Speaking of a slowdown in investments, data sourced from Tracxn show that Xiaomi’s last major investment in India was in an EV mobility startup, Oye Rickshaw, in January 2020. Meanwhile, Tracxn’s data showed us that Xiaomi has so far exited Krazy Bee only, with a 12x return on its investments in 2020, by selling its stake through a secondary share sale for $24.8 Mn.
If sources are to be believed, the Chinese company is also seeking to exit Bobble AI, a conversation media platform, with which the former entered into a strategic alliance to develop the default keyboard for its smartphones. In June 2019, Xiaomi led an INR 21 Cr Series A round and ended up acquiring a 30% stake in the startup. As of now, Xiaomi has a 28.2% stake, worth INR 68.3 Cr, in Bobble AI.
To get a clear picture regarding Xiaomi’s exit plans, Inc42 reached out to Bobble AI, but the company refused to comment.
Further, the fact that Xiaomi has made little gains versus its investments in Indian startups so far only seems to be solidifying the claims that the company is looking to divest its stakes. If true, this will imply that Xiaomi’s $300 Mn equity in Indian startups could be up for sale, according to Inc42’s estimates.
Inc42 reached out to Xiaomi to enquire about its plans to exit the Indian startup ecosystem, but the company declined to comment.
No Bang For The Buck
Xiaomi does not seem to be enjoying the bang for its buck against its investments, thereby making the smartphone giant reconsider its decision to continue supporting Indian startups.
Here it is imperative to mention that recruitment company Work India, which got Xiaomi to invest INR 42 Cr in February 2020, incurred a loss of INR 28 Cr in FY22 versus INR 15.63 Cr in FY21.
Further, Xiaomi’s bet on Oye Rickshaw has also failed to generate a satisfactory return on investment, with the latter’s losses widening to INR 20.7 Cr in FY21 from INR 10.3 Cr a year ago.
Similarly, ZestMoney, a buy now, pay later startup, has seen its losses surge a whopping 216% year-on-year to INR 398.8 Cr in FY22. Xiaomi holds an 8.2% stake, worth $36.6 Mn, in the company.
Another key challenge for Xiaomi is ShareChat, a social media platform, in which it holds a 4.3% stake. According to Mohalla Tech Private Limited, the parent company of ShareChat, the annual losses of ShareChat surged 115.8% year-on-year to Rs 1,460 Cr during FY21. The social media unicorn is yet to file its financials for FY22.
As far as Bobble AI is concerned, the FY21 numbers of Bobble AI, which also hasn’t filed its FY22 financials yet, indicate that its losses grew to INR 12.3 Cr from INR 6.49 Cr a year ago.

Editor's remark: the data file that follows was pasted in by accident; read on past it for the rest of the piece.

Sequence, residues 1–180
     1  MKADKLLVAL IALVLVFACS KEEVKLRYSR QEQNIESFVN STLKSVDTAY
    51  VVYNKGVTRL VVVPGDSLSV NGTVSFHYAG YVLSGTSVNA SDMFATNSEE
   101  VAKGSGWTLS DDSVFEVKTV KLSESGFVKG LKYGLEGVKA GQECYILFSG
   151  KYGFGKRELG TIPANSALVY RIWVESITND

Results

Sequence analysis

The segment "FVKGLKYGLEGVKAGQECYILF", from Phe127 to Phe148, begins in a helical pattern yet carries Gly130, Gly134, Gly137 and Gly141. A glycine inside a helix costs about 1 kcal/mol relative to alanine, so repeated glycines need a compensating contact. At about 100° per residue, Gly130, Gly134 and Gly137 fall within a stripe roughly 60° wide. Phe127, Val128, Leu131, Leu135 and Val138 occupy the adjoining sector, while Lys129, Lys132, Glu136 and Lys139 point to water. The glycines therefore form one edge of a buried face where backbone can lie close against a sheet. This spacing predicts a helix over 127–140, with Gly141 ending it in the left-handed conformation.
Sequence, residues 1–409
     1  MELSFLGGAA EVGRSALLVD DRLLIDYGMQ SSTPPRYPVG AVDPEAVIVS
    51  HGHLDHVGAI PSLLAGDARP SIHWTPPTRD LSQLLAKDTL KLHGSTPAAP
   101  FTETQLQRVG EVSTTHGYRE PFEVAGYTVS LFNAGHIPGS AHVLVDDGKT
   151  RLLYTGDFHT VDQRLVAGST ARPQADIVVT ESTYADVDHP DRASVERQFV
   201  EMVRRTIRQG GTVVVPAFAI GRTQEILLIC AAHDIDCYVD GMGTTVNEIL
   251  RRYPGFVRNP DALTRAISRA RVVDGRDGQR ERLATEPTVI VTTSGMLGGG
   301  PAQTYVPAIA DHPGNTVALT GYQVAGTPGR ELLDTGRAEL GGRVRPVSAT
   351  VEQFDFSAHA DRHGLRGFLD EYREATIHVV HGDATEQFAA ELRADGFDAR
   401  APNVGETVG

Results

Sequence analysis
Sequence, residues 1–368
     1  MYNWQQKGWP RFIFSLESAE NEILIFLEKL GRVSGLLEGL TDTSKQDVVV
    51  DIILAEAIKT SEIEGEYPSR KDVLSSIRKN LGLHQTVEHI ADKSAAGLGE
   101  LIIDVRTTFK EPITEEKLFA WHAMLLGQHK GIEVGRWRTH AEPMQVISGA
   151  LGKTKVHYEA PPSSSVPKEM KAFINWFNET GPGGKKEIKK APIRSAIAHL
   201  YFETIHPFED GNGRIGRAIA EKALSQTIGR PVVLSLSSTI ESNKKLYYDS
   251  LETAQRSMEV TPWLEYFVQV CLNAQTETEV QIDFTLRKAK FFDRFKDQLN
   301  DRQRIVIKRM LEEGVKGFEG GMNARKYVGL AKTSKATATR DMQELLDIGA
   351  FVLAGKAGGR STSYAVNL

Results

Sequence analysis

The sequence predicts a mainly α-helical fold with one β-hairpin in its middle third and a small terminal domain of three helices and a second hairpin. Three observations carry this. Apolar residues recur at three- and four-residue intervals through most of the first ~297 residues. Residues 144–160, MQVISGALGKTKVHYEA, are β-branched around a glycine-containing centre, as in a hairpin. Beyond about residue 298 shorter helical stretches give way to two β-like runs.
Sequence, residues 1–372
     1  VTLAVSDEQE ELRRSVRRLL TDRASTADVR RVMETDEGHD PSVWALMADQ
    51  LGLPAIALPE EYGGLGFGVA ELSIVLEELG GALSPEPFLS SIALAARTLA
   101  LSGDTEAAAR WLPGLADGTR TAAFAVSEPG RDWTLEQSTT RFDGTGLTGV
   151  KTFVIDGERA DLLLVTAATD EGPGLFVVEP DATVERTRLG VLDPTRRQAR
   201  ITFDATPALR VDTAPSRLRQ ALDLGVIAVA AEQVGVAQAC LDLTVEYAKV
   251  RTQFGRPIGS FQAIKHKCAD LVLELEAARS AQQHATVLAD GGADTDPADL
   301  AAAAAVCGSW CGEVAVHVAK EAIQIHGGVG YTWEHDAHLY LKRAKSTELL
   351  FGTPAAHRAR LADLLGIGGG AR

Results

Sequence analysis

The only silver lining here is that being one of the early investors of ZestMoney and ShareChat, Xiaomi is looking at 5x and 9x returns, respectively.
“A 4x to 10x return isn’t bad after all. However, the question still remains that there aren’t many big rounds happening right now, which would make Xiaomi’s exit in both the companies all the more challenging,” an investor said.
Regulatory Headwinds Another Reason To Worry
Increasing geopolitical tensions between China and India, and the Indian government banning Chinese apps has not only impacted Xiaomi but also the investment sentiment from the neighbouring country.
Xiaomi was unarguably impacted by the new investment rules, which came into existence in April 2020 and required investors from countries sharing a border with India to seek government approval before acquiring stakes in Indian firms.
According to the VC industry, this was seen as a significant move to prevent opportunistic takeovers, especially by Chinese tech investors during the pandemic. Companies such as ByteDance, Ali Baba, Xiaomi and Shunwei Capital were seen as some of the Chinese tech giants that were eyeing takeovers in India, but the new regulations slowed their plans.
According to various media reports, out of 382 FDI proposals received by the Centre from Chinese firms, only 80 were approved in July 2022. Further, when it comes to FDI investments in India, China was a notable absentee in 2021-22 among the nations which invested in India.
Meanwhile, some industry experts opine that Xiaomi will have a better chance of survival in India if it resists the urge to make further bets and restricts itself to the smartphone business, the company’s only profitable venture in this geography.